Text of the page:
The Chinese Communist Party (CCP) met behind closed doors yesterday for a final gathering that will decide the fate of Shanghai's sacked CCP boss and hammer out a new leadership lineup ahead of a critical five-yearly congress.
The Central Committee, which has 198 full and more than 150 alternate members, will hear a report on an investigation of Chen Liangyu (
Chen, who has also lost his seat in the CCP's decision-making Politburo, would be formally expelled from the party, Hong Kong's Beijing-funded Ta Kung Pao newspaper said, a move that would strengthen Hu's hand.
Chen, seen as a political ally of Jiang, had defied economic cooling measures introduced by Hu, who doubles as national party chief and Premier Wen Jiabao (溫家寶).
The plenum was also expected to endorse a plan to enshrine Hu's political ideas into the party Constitution, allowing him to take his place alongside Mao Zedong (
Hu's concepts of "scientific development" and building a "harmonious society" are aimed at correcting the country's path from that of the previous administration which featured breakneck growth at the expense of the environment.
In addition, the meeting was to finalize key personnel changes to take place at the 17th Party Congress opening on Monday.
Xinhua news agency said yesterday's meeting would also discuss a draft amendment to the party Constitution, along with a report on the party's measures against graft and other abuses among its members.
Long under preparation, the draft document is expected to spell out Hu's agenda for spreading more balanced economic growth, fighting corruption, and increasing spending on social services such as education and health care.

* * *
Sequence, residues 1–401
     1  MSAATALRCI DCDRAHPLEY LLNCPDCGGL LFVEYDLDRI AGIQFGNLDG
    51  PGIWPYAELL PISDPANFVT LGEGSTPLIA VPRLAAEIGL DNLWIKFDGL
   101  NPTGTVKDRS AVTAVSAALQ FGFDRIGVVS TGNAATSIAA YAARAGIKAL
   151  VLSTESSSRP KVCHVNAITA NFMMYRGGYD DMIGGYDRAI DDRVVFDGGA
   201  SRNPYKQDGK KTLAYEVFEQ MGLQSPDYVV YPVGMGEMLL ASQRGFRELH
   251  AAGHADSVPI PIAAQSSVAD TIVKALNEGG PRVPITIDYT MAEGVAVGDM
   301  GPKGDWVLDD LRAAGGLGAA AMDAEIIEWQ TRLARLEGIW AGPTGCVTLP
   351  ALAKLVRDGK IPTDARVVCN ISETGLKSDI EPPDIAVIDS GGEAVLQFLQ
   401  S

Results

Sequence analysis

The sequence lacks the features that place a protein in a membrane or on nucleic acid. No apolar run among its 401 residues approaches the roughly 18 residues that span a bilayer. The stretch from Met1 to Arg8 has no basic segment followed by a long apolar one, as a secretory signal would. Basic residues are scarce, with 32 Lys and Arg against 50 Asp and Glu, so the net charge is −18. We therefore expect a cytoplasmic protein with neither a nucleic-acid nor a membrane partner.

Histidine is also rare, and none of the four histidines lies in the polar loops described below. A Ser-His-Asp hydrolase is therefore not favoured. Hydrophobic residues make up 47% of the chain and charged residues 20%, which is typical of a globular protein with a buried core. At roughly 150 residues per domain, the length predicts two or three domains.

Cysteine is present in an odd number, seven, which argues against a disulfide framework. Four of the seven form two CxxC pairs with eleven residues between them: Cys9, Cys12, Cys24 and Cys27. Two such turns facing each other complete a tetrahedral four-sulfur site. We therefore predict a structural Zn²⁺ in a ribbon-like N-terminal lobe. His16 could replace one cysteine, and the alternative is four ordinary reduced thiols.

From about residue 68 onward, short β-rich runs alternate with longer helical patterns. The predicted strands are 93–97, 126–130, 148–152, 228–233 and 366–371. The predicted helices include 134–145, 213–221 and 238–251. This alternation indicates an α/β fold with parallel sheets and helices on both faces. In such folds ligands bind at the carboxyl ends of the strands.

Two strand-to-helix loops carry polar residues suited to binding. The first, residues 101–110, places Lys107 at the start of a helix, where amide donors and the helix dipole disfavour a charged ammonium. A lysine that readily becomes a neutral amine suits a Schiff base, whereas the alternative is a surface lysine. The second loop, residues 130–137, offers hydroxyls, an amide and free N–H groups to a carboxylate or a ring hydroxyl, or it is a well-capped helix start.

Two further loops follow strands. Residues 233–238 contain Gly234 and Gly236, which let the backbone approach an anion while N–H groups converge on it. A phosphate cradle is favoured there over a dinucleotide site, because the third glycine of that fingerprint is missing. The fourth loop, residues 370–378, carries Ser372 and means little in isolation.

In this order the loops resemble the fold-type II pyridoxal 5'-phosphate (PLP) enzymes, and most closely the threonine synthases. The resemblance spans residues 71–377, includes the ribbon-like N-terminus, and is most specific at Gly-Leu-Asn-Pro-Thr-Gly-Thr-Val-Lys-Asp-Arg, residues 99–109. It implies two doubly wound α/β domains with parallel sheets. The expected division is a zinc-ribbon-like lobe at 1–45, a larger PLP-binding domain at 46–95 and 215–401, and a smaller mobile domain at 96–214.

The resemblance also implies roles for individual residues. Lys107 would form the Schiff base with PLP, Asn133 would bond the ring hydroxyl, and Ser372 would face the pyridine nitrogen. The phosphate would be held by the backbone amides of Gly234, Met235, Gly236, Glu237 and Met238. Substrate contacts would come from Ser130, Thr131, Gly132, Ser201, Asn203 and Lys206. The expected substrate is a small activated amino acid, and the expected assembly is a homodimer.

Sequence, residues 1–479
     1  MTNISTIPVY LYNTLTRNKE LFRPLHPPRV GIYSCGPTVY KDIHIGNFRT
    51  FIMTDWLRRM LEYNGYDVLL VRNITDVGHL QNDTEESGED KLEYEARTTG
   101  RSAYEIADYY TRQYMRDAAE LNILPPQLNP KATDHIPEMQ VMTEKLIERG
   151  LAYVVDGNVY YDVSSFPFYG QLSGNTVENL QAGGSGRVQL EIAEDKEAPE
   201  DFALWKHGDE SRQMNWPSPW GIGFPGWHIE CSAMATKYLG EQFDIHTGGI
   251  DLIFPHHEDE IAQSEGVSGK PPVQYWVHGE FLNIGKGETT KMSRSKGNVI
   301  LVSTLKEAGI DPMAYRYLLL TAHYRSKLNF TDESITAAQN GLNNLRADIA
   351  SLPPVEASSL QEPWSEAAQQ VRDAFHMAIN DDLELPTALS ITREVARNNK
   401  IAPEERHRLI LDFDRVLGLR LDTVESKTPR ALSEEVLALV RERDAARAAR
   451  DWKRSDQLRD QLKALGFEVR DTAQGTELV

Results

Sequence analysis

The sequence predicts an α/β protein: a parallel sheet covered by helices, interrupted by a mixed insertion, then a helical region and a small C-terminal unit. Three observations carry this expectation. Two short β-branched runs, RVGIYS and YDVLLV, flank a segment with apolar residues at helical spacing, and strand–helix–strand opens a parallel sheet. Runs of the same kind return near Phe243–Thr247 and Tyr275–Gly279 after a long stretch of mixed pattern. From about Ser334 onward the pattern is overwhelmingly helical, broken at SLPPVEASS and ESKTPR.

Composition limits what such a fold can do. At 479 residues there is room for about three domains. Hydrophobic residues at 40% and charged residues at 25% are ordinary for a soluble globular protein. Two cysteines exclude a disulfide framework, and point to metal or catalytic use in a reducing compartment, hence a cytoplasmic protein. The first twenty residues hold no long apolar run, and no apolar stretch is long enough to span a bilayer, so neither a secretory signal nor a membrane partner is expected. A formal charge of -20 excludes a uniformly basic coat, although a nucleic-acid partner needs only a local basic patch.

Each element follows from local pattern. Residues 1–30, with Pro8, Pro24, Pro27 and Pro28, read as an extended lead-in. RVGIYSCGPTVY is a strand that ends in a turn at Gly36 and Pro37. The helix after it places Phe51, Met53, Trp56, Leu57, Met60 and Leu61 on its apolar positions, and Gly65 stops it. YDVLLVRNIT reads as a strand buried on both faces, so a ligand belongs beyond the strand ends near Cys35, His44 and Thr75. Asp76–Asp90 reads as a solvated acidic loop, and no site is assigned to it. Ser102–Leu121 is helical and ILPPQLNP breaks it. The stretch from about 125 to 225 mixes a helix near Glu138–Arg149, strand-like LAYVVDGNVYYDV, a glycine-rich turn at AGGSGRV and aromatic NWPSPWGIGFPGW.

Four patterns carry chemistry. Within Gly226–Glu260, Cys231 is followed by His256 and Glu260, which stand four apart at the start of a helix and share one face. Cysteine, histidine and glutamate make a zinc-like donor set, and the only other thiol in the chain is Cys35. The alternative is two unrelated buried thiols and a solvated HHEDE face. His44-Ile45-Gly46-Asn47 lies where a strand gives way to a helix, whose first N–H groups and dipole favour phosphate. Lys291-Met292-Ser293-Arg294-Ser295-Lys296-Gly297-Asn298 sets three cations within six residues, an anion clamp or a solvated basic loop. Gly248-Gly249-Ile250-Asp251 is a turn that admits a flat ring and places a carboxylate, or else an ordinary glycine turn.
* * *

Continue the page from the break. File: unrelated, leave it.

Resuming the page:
Opinions on the draft congress document and party constitution amendment have been solicited from both former and newly elected party delegates, Xinhua said.
The document is also expected to address political reform, although no bold moves are expected.
More than 2,200 delegates will attend the Congress, at which Hu will seek to oust rivals, name an heir and shake off Jiang's lingering influence.
Hong Kong's Ming Pao newspaper quoted a former secretary to Mao Zedong as saying China's Communists must wage an internal revolution to become a modern political party, the outcome of which will determine the fate of the country's reforms.
"This transition can be said to be the Party's self-revolution," Li Rui (李銳), 90, was quoted as saying.
"Nearly 30 years of reform and opening already have prepared the economic, thought and organizational foundations for this revolution. Whether or not all of our reforms can succeed will be decided by reform of the political system," Li said.
Such outspokenness is rare in China's one-party system. But it follows comments Li made last week that China could be dragged back to past decades of chaos unless long-delayed democratization catches up with three decades of market reform, as well as candid calls for liberalization from other, older party intellectuals.
Ahead of the Congress, China called for Communist newspapers and periodicals to expand their influence, and Public Security Minister Zhou Yongkang (
Human rights groups are seizing on the Congress to press their causes, with Chinese Human Rights Defenders issuing an open letter to Chinese leaders.
"We have realized that what causes the human rights disasters on this land is that power is not supervised and restricted," the letter said. "To supervise and limit public power, we must realize democracy."
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